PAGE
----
Christine Bush (née Hallam) was the mother of Melanie Bush.
Christine's mother and father were both very rich. (PROSE: Spiral Scratch) She had a brother, John, and was a rebellious post-war socialite demanding equality. She went to Durham University where she studied English, earning a degree that she never made any use of. She married Alan Bush, who also went to Durham. (PROSE: Spiral Scratch)
The Bushes did not have children until they were in their late thirties. According to one account, they had only one daughter, Melanie, in 1964. (PROSE: Business Unusual) According to another, they had an elder daughter, Anabel, born in 1962, who died at the age of three after falling down the stairs in an accident caused by Mel. This led the Bushes to move from 8 Gosling Street in Croxdale (PROSE: Spiral Scratch) to 36 Downview Crescent in Pease Pottage.
Christine was a well-liked member of the Weald community, involving herself in the Women's Institute and the Girl Guides and, thanks to a well-meaning friend, was made Honorary President of the Crawley and Area Dog Training (Obedience) Society despite the fact that the Bushes never owned a dog. She made money from coffee mornings, jumble sales and, occasionally, Amway.
When Mel was twelve, she asked her mother if she was adopted or if she had been an accident. Horrified by the question, Christine smothered her with love and presents for weeks. When she was older, Mel, as a joke, invited anti-blood sport activists into the house and painted her parents as bad people. (PROSE: Business Unusual)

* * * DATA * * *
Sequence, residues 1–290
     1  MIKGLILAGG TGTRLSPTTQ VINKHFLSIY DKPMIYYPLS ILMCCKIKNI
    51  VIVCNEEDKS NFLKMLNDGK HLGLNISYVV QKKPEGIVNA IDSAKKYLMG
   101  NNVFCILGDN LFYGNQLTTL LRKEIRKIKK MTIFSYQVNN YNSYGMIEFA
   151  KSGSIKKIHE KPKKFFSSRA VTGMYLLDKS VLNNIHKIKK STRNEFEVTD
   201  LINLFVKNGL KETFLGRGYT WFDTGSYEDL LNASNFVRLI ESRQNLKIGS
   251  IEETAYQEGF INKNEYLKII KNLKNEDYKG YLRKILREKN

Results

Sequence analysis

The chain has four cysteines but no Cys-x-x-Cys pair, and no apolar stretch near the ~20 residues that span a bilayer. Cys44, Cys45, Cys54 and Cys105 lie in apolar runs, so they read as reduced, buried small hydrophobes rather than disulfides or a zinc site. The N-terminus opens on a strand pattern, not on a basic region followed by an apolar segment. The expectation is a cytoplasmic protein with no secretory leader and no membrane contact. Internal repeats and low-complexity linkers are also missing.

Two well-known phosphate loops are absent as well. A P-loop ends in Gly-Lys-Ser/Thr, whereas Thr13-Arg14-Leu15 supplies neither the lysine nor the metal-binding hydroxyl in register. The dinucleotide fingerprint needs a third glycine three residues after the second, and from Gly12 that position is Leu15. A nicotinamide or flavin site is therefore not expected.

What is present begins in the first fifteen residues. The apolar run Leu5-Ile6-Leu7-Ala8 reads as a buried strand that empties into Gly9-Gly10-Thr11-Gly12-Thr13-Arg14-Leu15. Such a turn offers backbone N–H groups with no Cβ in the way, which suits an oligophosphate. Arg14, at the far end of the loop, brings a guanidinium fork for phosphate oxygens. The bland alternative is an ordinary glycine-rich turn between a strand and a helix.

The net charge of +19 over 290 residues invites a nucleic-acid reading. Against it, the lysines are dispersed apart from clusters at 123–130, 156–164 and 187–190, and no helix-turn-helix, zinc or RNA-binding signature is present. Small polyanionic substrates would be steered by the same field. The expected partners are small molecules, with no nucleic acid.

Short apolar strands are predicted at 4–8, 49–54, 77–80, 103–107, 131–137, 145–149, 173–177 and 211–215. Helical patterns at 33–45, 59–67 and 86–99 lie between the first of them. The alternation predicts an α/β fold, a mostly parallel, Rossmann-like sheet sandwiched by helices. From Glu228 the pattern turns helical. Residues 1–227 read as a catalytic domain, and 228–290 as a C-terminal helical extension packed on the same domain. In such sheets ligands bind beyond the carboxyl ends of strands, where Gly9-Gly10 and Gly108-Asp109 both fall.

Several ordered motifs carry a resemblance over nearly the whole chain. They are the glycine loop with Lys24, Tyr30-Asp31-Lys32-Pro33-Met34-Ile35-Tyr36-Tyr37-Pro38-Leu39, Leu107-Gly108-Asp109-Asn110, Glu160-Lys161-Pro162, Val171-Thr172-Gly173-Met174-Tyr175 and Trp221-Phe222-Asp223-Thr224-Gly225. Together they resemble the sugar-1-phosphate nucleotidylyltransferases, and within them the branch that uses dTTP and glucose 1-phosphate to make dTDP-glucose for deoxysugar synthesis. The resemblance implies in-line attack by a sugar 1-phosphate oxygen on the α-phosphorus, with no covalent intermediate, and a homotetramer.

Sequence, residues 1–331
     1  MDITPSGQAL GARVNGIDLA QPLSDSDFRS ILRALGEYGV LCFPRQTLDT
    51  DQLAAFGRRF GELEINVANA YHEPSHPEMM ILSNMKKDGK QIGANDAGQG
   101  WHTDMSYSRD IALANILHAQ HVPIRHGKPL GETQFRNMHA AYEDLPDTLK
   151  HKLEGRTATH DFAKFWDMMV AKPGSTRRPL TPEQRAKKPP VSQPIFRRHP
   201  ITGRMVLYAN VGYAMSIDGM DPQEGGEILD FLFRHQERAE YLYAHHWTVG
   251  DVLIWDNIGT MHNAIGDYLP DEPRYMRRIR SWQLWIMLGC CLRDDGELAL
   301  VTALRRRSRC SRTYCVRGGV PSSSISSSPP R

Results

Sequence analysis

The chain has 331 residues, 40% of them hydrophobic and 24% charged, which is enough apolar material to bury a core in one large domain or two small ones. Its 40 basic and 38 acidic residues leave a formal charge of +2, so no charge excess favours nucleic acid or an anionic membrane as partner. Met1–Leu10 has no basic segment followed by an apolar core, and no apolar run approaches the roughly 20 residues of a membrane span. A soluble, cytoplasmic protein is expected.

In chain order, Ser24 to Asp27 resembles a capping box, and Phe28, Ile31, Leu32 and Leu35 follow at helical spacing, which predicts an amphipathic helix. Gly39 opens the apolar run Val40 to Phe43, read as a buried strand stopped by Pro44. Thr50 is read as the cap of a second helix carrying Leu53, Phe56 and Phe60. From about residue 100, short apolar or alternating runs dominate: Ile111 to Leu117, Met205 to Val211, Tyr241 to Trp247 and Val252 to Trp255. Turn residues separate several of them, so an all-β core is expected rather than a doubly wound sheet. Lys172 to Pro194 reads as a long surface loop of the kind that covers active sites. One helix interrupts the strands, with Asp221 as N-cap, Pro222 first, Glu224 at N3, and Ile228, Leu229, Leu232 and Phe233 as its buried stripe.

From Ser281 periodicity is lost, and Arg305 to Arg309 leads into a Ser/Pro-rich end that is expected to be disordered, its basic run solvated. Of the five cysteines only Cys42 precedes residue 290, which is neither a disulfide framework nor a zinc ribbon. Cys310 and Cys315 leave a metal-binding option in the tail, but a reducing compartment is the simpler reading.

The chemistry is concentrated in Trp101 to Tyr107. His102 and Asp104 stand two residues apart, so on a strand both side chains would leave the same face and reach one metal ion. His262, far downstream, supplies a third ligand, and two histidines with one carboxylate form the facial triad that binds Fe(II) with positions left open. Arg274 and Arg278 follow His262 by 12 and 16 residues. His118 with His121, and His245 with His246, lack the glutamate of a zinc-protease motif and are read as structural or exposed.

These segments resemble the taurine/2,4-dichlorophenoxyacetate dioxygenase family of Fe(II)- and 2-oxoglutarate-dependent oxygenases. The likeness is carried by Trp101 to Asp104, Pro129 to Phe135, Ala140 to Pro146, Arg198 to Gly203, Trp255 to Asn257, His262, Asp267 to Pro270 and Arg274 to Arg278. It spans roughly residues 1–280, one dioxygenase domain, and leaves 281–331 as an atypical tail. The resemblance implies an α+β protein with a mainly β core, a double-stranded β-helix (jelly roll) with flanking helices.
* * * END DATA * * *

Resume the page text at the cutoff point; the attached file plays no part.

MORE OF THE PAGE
In 1986 (PROSE: Head Games; AUDIO: We Are The Daleks) or 1989, Christine met the Sixth Doctor when he arrived at the house to pick up Mel. She was attacked by plastic controlled by the Nestene Consciousness and went to the hospital, as did Mel's friend Trey Korte. (PROSE: Business Unusual)
When she was young, Christine was a rebel who wanted equality, but after getting married she switched to a stay-at-home housewife. (PROSE: Spiral Scratch) Mel believed that she was a middle-class snob. She insisted on calling her daughter "Melanie", ostensibly because she did not think that "Mel" suited her. She read The Sunday Times, was shocked by Mel's frank discussion of sexuality and the like - saying that she would not have sent her to London University had she known that she would turn out that way - and failed to pick up on the many signs that Trey Korte, whom she was attracted to, was gay. She favoured Rimmel nail varnish. (PROSE: Business Unusual)